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    Aegi Seedanggut in Haengdang-dong has a long tradition as a representative village rite in Seoul, with a history of at least 257 years. Although it is a village rite, it is in the form of a village rite, which is completely different from the generally known farming and fishing village culture.

    The villagers are actively and actively participating in the project, and are seeking unity through Danggut. In addition, the district office and the cultural center are actively cooperating to promote Danggut as an organic cooperation system between the public and private sectors.

    On January 10, 2005, it was designated as an intangible cultural asset of Seoul. Dangju medium owners, gimongnyeom been recognition of activities in 2017, on March 17, 2008 on Nov. 16, became holder of the hon. , holder in the field of musician choeyeonggeun been recognition of activity in the March 17, 2008.

    ※For more information on the above cultural assets, please contact the Seoul Metropolitan Government Department of Historical and Cultural Heritage (☎02-2133-2616).
  • 2005.1.10
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    Bonghwasan Dodanggut is a village ritual in Seoul that has been promoting Daedong-sik for 400 years for the well-being and solidarity of the residents. It is a village rite held on the 3rd day of the 3rd lunar month at the Dodang of Bonghwasan Mountain located at 141 Sinnae-dong, Jungnang-gu, Seoul.

    Bonghwasan Dodanggut was first joined by Junghwasan Dodanggut, which was recently held annually by the Bonghwasan Dodangje Preservation Committee of the Jungnang Cultural Center, while Sinnae-dong divided the villages and Sinnae-dong organized Dodanggut the following year.

    On January 10, 2005, it was designated as an intangible cultural asset of Seoul. Dangju medium owners, sinwiaeng been recognition of activities in 2017, on March 17, 2008 on Nov. 16, became holder of the hon. Holder in the field of musicians, been recognition of activity on March 17, 2008 is headed by Prof. Kim Kwang-soo at.

    ※ For detailed information on the above cultural assets, please refer to the Seoul Metropolitan Government Department of Historical and Cultural Heritage (202-2133-2616)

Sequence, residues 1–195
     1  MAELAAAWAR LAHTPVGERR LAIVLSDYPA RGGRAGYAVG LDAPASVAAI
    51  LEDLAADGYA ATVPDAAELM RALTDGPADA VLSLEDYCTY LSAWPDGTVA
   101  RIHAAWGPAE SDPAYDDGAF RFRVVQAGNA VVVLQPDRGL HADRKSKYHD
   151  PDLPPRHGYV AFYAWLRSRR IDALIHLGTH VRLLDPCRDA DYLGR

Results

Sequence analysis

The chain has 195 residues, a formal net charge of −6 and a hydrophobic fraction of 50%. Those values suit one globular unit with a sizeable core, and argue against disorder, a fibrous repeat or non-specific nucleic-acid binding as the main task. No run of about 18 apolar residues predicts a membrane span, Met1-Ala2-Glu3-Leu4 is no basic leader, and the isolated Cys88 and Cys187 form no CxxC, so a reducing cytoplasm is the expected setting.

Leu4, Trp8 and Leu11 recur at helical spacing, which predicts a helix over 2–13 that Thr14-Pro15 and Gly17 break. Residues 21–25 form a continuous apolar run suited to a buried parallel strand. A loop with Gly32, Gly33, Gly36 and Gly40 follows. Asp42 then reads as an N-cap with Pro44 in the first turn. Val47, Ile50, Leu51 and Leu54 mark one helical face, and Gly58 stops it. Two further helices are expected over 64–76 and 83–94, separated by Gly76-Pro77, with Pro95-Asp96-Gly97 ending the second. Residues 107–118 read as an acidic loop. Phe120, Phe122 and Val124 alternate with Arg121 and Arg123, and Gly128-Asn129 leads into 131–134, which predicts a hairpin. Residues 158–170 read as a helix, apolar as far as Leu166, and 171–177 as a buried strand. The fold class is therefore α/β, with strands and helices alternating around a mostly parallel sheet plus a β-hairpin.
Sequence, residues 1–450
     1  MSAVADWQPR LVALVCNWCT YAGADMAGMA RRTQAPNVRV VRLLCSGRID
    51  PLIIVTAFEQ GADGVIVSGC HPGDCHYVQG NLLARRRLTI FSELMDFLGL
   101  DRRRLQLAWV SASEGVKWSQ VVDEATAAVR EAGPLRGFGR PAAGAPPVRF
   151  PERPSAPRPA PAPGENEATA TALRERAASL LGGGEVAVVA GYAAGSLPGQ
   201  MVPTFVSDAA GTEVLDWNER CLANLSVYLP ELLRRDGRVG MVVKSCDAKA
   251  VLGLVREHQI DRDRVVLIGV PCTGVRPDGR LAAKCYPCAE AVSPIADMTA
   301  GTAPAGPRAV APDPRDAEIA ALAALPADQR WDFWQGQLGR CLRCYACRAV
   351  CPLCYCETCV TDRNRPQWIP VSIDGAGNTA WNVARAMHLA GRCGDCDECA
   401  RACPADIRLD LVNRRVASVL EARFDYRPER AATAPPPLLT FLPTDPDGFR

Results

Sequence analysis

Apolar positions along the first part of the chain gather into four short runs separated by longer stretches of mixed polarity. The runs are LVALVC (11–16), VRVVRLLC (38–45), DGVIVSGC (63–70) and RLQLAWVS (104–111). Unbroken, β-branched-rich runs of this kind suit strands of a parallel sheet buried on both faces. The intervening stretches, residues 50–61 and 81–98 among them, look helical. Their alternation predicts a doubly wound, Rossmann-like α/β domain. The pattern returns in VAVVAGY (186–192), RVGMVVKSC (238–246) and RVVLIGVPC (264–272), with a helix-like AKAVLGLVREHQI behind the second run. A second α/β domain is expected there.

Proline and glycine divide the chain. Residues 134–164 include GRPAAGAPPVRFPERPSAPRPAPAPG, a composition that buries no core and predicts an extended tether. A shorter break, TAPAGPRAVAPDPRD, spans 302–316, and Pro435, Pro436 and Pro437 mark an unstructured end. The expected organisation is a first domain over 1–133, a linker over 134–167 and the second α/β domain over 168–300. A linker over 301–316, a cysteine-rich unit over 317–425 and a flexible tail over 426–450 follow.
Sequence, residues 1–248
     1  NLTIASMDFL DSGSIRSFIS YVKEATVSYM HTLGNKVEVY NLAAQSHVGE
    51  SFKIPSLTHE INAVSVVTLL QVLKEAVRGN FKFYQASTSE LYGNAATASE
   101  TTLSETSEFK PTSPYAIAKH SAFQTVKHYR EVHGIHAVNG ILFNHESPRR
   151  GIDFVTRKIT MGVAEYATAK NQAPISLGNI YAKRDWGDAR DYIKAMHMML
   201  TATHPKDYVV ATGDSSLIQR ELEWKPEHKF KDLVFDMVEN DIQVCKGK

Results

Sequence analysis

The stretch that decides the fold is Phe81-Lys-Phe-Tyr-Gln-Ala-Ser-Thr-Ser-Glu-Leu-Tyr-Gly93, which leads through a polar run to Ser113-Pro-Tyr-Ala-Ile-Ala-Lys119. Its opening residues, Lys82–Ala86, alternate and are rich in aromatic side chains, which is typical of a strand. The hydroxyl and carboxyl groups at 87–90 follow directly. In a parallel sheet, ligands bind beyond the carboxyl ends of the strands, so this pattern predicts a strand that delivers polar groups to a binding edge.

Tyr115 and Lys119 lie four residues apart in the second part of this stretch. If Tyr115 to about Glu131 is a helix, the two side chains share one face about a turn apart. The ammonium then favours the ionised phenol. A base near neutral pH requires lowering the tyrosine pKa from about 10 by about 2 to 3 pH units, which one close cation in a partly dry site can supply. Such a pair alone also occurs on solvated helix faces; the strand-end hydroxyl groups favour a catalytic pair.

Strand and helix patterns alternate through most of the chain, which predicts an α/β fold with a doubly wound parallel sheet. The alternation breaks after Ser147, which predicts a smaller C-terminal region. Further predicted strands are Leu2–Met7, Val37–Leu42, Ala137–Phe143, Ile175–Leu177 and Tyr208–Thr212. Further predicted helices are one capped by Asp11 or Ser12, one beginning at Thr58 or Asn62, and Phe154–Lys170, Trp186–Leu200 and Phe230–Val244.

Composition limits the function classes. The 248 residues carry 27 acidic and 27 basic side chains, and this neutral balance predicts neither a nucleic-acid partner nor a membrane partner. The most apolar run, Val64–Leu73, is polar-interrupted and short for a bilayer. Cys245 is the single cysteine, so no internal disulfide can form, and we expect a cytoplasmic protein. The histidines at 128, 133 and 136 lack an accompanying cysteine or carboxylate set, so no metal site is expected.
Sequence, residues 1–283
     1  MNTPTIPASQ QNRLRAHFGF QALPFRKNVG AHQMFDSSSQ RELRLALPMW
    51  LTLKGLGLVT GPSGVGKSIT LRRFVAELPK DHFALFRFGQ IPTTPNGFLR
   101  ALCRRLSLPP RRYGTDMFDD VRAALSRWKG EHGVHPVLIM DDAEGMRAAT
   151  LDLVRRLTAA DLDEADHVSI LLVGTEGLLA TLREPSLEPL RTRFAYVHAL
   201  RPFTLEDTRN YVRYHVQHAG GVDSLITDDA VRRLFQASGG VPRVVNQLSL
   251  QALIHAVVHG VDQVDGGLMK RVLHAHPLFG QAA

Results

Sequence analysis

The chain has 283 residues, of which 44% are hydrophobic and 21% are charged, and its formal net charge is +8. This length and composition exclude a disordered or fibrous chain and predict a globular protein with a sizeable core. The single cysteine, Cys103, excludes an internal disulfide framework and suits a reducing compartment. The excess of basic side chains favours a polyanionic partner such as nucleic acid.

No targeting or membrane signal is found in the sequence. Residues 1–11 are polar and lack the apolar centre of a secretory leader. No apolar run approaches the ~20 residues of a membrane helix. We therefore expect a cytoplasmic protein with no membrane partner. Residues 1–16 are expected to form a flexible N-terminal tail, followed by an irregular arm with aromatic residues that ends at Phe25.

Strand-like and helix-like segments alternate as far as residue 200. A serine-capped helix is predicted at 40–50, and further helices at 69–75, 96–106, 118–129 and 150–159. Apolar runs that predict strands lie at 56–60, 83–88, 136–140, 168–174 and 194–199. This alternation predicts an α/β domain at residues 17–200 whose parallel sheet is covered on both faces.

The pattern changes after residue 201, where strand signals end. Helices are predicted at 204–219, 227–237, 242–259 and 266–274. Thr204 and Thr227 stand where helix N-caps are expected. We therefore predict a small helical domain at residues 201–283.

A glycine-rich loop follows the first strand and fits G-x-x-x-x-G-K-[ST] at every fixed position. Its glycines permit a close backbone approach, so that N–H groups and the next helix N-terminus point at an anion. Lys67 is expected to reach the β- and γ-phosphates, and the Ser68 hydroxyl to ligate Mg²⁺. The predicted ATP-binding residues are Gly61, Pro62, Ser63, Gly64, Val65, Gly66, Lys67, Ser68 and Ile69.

• 2005.1.10
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    Bamseom Bugundang Dodanggut is a village rite that combines ritual form and shamanic ritual. Initially, Bamseom Bugundang was located on the Han River Bamseom. In 1968, the village was disbanded due to the development of the Han River and residents lived in Mapo-gu and Wau Mountain. The Bugundang was also built at 28 Changjeon-dong, Mapo-gu. Although it is a village ritual, it is noteworthy that it is directly related to the Han River culture. This is a danggut that has an important meaning to recognize one aspect of religious activities in Seoul culture and history.

    On January 10, 2005, it was designated as an intangible cultural asset of Seoul. Dangju medium owners, gimchungang been recognition of activity on March 17, 2008. Holder in the field of musicians include the recognition on March 17, 2008 gimchanseop no holder in the field of activity since November 13, 2017 and musician.

    ※ For detailed information on the above cultural assets, please refer to the Seoul Metropolitan Government Department of Historical and Cultural Heritage (202-2133-2616)
  • 2000.1.11
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    Park Cheomji Nori, a folk drama enjoyed by ordinary people while satirizing the contradictions of yangban society since the Goryeo Dynasty, has been handed down by Namsadangpae as it was called puppet play, Hongdongji play, and Ggobak Cheomji Nori.

    "Park" of Park Cheom-ji Nori, a social satire based on dolls, originated from making dolls a rip-off, and "Cheom-ji" is a name given for a government post that humorously satirizes yangban. Currently, a conservation committee consisting of about 20 residents of Seosan's Eumam Village, including the late Ju Yeon-san, serves as a village play on holidays. The play consists of seven streets per two yards of Park Cheomji Madang Intersection and Pyeongan Gam Madang Segeori, where several people move dolls behind the scenes and ask and answer the audience.

    Park Cheom-ji Nori is the only folk puppet show in Korea that sublimates the contradictions of patriarchal and decadent yangban society into humor and satire through the main character Park Cheom-ji, and mask, mask, mask, and pungmul are also highly regarded for their artistic value.
  • 2000.1.11